Prior to my talk at LaraconEU 2016 I was curious to know how much adoption for MySQL 5.7 was in within the community.
I tweeted this:
Pool, use twitter client to see it:— gabi (@gabidavila) August 23, 2016
Which Version of MySQL do you use? SELECT @@VERSION; RT for reach, please.
Twitter polls only gives you up to 4 items to choose. What I wanted to know is if people were using MariaDB or other forks like Percona, but I didn’t had the proper space, and I only put three options.
This January I managed to get a bit more syndication on my tweet and more people replied. I added a 4th option, “Other”. This option could include the fork data as well as people using even the MySQL 4:
Poll: Time to do again, I want to compare how much it changed since August. Which version of @MySQL are you using? RT for reach, please.— gabi (@gabidavila) January 14, 2017
This have no scientific foundation whatsoever. Most of the people on my twitter bubble work on tech and try to be using cutting edge technology, but I could see a bit of a trend (taking into the consideration also the amount of people that now replied).
It is possible to notice that 5.7 got more market where 5.5 was the most common version to those people. I would like to think they upgraded first to 5.6 to then upgrade to 5.7 and not just jumped versions disabling and doing this to make it work:
SET @@GLOBAL.sql_mode = '';
Again, this is the equivalent of disabling errors in any language because you are not gonna fix them, just want swipe under the carpet. Don’t do that.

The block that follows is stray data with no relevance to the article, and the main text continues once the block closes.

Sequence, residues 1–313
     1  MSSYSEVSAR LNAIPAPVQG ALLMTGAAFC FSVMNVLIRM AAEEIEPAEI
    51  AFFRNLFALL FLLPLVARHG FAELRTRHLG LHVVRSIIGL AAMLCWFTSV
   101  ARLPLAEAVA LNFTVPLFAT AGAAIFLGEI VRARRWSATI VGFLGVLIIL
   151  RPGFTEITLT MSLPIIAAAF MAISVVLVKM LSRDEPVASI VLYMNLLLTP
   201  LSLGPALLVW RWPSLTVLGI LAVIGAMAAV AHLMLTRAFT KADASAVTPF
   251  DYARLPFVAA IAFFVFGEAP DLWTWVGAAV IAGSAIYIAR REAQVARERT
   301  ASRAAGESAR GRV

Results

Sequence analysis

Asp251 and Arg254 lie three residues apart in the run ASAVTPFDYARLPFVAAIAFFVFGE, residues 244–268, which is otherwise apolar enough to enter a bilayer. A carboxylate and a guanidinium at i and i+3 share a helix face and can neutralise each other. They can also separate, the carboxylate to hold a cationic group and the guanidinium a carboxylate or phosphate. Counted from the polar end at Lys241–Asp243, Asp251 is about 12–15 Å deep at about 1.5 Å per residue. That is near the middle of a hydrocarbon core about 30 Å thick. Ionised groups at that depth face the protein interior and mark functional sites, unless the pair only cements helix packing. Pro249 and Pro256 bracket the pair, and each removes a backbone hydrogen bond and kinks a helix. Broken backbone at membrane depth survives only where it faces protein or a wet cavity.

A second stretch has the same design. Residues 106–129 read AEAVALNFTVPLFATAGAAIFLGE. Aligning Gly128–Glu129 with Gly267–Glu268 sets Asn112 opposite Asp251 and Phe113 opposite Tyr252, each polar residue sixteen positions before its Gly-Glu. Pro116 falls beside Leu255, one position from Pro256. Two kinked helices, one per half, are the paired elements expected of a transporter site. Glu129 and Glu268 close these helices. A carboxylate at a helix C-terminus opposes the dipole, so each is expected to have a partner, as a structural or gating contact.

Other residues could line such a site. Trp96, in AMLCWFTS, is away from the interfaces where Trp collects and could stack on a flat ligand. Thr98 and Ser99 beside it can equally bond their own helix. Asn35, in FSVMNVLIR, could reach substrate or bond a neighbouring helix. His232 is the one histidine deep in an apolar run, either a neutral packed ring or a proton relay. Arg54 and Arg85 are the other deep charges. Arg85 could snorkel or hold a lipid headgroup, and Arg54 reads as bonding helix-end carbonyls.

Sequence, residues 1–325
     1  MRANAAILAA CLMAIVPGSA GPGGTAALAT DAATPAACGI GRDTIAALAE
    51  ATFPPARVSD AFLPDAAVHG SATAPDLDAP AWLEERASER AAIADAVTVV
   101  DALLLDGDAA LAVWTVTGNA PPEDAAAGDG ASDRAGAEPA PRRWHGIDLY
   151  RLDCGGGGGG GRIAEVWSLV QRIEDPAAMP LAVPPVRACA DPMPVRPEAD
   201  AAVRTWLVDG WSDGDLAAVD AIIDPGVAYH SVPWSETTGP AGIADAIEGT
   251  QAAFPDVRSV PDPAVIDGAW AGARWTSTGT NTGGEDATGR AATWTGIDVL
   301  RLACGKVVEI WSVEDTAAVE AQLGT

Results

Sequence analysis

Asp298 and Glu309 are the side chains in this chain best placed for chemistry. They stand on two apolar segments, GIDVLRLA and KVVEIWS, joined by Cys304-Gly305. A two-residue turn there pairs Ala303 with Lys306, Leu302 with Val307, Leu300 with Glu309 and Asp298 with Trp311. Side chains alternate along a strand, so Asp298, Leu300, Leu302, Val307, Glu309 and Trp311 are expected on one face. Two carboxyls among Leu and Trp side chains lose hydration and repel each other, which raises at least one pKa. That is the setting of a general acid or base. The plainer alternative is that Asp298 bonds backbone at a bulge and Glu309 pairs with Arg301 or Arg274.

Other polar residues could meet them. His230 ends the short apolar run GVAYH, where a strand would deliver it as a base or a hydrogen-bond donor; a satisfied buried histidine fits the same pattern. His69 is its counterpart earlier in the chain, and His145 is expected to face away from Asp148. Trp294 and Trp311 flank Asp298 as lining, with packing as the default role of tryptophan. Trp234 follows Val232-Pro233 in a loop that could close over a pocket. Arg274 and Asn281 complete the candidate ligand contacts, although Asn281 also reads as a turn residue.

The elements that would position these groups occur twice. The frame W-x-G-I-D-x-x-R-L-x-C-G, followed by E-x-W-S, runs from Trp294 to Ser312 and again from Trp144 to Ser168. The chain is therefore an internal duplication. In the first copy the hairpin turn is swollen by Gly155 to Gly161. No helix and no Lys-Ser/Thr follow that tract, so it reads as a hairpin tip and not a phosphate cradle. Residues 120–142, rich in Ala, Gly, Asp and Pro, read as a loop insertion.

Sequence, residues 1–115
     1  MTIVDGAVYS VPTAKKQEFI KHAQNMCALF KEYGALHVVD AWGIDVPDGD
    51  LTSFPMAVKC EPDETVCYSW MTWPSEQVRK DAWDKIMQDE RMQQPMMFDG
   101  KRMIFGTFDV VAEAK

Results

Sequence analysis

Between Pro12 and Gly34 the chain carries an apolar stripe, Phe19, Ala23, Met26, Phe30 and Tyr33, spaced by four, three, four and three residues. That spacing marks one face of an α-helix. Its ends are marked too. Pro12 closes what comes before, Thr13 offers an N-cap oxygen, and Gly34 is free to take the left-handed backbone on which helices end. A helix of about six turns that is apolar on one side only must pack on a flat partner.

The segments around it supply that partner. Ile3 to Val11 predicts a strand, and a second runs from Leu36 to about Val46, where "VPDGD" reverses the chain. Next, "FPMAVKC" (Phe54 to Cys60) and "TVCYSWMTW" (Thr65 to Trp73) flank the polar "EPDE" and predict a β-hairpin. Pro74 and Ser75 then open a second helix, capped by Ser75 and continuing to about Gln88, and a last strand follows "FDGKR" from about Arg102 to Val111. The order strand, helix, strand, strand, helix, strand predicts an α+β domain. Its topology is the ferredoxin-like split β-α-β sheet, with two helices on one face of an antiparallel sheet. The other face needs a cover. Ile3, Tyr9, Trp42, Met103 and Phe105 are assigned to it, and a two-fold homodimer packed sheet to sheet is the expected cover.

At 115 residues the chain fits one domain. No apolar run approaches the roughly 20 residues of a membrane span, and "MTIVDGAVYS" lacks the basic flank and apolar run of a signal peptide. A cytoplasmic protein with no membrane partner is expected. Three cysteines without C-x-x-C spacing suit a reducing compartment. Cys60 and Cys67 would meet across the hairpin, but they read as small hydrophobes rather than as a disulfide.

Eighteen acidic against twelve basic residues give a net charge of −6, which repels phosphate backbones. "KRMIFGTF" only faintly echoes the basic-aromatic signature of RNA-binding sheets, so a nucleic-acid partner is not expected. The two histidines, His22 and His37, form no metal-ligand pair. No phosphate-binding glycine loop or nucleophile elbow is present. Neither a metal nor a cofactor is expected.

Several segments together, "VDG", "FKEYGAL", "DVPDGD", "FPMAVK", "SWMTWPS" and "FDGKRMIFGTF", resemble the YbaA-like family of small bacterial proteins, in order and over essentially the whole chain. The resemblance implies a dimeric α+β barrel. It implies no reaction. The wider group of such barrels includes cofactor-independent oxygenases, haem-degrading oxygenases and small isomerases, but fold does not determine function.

It is nice to see that 5.5 is losing ground (again, a pinch of salt here) to newer and modern versions.
What should I not consider?
Well, you can actually ignore the whole poll as a trend indicator. The first one ran only for a day and it got 85 votes with not all options on it, and the second one had 669 votes and it was a week long poll. Plus the fact there is no way to do a control group to calculate the error margin.
What does this really mean?
MySQL 5.7 was released with General Availability around October 2015, major hosting and cloud companies started to make it available on February/March 2016. Adoption always take a bit of a time to be absorbed, specially if you have to do any code change to support the new version of the database (hint, you probably will have to). It also means that those companies may at any point stop providing support for versions older than 5.6 (5.5, 5.1, etc.).
Also take into consideration that MySQL 8.0 is under development and most of the strictness embedded by default on 5.7 will continue to come on 8.0. So if you are reading this blogpost and starting a new project, go ahead and start with 5.7 already so when version 8.0 comes out you won’t have trouble upgrading.
If you have a legacy application then, there are ways of adapting your code so you can enjoy everything the new version has to offer. Just a final reminder, disabling strictness on the server to be able to use the JSON feature may sound as a smart idea in the beginning, but that also means putting your data consistency at risk.